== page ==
Nowhere is the competition hotter, or branding more fierce, than the flame-broiled grills of America’s fast food chains. This makes Burger King’s latest PR Special leads campaign, to ‘rename’ itself, all the more baffling. Since slipping to become the No. 3 fast food chain (Wendy’s took the No. 2 spot from BK last year), Burger King has abandoned the burger — its namesak Special leads product — for its starchier sister: the fry. After releasing the French Fry Burger and the new , it took the fry-fixation one step too far, pretending to change its name to “
Fries King.” logo-fries-king Burger King’s website displayed a Special leads redone company logo: a pouch of fries replaced the familiar, stylized hamburger, and the words “Fries King” appeared over the logo in place of “Burger King.” Below the logo was the clincher: “Formerly Burger King.” They took to social media, posting reams of photos to Facebook and Twitter, unveiling the Special leads new corporate logo. The mixed reactions to Burger King’s campaign provide three important lessons to marketers — especially those striving to maintain consistent Special leads global brands: 1. Don’t confuse the customer.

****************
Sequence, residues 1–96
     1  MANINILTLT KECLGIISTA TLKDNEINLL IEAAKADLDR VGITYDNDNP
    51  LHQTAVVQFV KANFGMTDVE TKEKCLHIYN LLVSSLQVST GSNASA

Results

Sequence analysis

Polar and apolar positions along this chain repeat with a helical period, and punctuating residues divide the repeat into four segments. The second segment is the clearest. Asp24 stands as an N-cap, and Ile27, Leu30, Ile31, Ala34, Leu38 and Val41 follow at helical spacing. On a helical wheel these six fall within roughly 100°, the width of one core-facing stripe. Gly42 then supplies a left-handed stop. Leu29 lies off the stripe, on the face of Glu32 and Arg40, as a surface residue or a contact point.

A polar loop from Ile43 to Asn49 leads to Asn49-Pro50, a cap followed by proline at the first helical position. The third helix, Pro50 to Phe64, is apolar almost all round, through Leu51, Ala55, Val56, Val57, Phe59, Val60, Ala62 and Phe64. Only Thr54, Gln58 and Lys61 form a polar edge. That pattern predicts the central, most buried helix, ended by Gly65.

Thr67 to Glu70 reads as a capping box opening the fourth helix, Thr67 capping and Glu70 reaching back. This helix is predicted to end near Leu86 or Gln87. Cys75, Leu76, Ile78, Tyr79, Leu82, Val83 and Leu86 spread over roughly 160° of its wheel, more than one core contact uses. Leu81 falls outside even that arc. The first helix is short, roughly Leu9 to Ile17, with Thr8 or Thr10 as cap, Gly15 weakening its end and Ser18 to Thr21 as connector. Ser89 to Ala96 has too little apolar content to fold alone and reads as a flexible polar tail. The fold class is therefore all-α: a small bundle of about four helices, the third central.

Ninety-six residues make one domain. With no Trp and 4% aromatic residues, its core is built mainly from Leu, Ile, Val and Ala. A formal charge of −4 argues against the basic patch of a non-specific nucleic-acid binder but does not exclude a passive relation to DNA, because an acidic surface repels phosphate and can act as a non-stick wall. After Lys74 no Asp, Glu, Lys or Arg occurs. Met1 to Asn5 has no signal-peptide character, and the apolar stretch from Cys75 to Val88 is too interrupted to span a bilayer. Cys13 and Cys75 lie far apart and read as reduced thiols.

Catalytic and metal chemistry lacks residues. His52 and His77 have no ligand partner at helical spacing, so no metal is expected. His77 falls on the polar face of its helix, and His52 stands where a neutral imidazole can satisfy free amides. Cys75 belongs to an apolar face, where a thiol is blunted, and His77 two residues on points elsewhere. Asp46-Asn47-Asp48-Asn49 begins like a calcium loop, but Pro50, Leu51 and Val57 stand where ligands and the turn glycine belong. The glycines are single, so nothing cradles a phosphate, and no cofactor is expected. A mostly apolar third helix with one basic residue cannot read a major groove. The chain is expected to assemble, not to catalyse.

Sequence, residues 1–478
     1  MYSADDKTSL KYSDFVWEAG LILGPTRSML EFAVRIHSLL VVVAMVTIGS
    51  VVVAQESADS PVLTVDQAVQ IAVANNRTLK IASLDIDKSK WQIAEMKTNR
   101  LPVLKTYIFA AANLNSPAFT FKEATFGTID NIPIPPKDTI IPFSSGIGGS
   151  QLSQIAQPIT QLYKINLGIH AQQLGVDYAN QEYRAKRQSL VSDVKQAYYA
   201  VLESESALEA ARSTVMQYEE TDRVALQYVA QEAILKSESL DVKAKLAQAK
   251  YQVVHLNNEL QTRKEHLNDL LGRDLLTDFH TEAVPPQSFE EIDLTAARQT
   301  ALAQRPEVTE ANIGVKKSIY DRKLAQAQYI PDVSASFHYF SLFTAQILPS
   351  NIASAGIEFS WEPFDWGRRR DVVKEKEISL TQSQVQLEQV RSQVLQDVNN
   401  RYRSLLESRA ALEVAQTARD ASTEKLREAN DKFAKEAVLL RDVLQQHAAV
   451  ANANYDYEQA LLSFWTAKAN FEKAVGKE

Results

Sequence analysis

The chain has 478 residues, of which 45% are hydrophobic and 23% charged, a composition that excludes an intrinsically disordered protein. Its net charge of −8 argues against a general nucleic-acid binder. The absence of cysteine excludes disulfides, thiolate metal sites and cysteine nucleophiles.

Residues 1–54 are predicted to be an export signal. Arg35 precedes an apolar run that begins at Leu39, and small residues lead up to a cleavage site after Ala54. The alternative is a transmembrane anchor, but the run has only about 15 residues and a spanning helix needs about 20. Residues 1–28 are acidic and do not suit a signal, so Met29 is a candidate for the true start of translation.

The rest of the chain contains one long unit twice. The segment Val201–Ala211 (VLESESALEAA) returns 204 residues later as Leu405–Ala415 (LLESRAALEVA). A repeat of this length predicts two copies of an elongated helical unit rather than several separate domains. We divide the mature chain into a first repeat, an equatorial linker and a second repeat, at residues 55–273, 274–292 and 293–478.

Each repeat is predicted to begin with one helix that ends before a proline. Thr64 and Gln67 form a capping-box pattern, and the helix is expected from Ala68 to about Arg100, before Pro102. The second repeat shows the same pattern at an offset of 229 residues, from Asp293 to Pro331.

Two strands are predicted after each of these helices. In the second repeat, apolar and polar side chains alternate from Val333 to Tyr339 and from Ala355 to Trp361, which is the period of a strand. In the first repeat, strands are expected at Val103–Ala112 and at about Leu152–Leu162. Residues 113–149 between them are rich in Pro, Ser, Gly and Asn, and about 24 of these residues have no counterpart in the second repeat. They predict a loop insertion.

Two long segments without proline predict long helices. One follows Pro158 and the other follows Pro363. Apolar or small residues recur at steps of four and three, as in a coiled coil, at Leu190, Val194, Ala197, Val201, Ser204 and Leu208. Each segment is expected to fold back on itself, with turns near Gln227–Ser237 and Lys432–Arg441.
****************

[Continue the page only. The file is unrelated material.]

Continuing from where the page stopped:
While we normally applaud creative social marketing, don’t sacrifice Special leads clarity. If the company’s Twitter followers responses are any indication (example: “Can’t tell if it’s true or not, but did Burger King really change their name to Fries King…? I don’t … what.”), they confused most consumers who they reached with their campaign. A tongue-in-cheek campaign is one thing Special leads, a puzzling communication with no punch-line is another. fries king twitter 2. Don’t abandon your heritage. Burger King has always been about, well, the burger. Whether it was their “Home of the Whopper” ads, the November 14th.